HealthDay News — Genome-wide polygenic risk scores (PRS) can predict coronary artery disease (CAD), according to a study published online June 11 in Circulation: Genomic and Precision Medicine.
Noting that two recently derived genome-wide PRS have shown high specificity and sensitivity to identify CAD cases in European-ancestry participants from the U.K. Biobank, Florian Wünnemann, Ph.D., from the Montreal Heart Institute, and colleagues calculated both PRS (GPSCAD and metaGRSCAD) in French-Canadian individuals from three cohorts totaling 3,639 prevalent CAD cases and 7,382 controls. The impact of the founder French-Canadian familial hypercholesterolemia deletion (LDLR delta > 15kb deletion) was estimated on CAD risk in one of these cohorts; this estimate was used to calibrate PRS impact.
The researchers confirmed the ability of both PRS to predict prevalent CAD comparable to the original reports (area under the curve [AUC], 0.72 to 0.89). Consistent with previous estimates, the PRS identified about 6 to 7 percent of individuals at CAD risk similar to that for carriers of the LDLR delta > 15kb mutation. For predicting incident or recurrent CAD, the PRS did not perform as well (AUC, 0.56 to 0.60), possibly due to confounding as more than three-quarters (76 percent) of participants were on statin treatment.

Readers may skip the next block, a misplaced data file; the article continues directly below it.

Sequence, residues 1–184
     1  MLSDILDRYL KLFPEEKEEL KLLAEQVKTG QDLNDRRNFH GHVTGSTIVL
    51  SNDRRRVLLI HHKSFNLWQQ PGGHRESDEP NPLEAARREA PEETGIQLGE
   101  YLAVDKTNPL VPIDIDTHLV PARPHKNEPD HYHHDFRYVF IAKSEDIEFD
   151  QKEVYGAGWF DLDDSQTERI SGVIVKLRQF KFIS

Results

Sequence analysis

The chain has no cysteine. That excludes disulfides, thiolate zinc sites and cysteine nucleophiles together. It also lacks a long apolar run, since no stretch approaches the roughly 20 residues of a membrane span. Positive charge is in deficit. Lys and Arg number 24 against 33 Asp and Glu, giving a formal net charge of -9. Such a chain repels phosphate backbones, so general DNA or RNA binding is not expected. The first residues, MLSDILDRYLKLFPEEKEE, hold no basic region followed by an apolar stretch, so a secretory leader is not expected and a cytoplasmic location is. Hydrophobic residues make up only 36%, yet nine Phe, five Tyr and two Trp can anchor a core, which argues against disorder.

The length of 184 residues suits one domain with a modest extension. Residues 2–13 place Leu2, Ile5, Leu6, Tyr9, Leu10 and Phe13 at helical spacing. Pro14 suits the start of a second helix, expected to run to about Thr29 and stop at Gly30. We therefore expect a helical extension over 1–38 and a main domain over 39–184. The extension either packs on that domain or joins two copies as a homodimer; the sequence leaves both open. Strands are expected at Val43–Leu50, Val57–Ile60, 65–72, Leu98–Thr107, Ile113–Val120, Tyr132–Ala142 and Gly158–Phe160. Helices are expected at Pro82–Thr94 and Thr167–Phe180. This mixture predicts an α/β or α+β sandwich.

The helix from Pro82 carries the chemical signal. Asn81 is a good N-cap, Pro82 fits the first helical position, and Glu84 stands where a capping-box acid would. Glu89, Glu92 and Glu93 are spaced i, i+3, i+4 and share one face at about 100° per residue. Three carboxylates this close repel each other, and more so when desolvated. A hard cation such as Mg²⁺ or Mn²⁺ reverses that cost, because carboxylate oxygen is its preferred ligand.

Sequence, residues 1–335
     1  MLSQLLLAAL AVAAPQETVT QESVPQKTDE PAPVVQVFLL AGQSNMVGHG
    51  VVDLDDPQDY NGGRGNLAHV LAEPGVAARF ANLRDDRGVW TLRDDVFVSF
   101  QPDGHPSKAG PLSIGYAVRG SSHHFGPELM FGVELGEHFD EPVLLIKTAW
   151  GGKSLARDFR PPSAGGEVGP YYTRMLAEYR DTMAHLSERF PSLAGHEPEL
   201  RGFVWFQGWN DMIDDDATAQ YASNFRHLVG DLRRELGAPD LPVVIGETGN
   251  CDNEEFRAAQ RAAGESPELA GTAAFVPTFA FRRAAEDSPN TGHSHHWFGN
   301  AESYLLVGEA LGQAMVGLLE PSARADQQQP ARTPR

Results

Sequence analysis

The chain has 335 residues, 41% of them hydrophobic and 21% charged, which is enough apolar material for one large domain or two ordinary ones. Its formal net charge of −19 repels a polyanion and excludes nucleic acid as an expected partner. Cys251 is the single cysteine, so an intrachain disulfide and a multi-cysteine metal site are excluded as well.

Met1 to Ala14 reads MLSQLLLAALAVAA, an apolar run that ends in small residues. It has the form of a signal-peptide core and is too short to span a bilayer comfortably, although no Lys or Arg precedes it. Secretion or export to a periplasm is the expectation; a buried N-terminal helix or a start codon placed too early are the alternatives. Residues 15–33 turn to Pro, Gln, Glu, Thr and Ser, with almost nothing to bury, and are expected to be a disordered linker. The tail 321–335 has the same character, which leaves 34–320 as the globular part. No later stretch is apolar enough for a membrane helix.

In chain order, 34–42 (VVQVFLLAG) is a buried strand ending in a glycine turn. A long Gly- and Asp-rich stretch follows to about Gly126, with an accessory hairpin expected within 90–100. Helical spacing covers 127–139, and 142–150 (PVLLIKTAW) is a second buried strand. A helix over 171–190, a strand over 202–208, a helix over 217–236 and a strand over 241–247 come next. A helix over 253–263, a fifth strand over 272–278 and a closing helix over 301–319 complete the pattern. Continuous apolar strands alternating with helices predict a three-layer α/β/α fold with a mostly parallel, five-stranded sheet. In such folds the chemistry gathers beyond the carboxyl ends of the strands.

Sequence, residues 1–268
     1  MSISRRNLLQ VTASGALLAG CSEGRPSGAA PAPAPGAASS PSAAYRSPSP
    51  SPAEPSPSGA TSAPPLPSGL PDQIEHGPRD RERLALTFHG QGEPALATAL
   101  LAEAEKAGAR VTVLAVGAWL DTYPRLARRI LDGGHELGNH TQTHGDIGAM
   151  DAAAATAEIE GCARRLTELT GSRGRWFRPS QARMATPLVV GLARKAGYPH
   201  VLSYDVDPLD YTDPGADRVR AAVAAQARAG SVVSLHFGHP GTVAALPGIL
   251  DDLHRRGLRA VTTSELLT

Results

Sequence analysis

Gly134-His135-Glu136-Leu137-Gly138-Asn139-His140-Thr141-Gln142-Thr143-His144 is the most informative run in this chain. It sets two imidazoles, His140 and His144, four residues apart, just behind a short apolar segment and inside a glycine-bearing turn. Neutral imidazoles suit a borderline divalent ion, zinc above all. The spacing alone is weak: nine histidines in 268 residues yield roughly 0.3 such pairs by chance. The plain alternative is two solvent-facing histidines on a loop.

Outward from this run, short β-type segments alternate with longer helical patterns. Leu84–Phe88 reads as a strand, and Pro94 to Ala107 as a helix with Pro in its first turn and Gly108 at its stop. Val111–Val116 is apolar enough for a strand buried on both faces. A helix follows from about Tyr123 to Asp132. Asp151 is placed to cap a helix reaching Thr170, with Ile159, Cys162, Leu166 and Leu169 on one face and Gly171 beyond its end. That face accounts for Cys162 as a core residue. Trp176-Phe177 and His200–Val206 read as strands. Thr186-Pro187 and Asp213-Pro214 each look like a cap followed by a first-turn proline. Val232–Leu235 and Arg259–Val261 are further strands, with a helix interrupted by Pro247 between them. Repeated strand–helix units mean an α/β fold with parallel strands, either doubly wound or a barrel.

“Using the polygenic risk score, even in a normal population, we can find people whose risk is as high as those who have [familial hypercholesterolemia],” a coauthor said in a statement.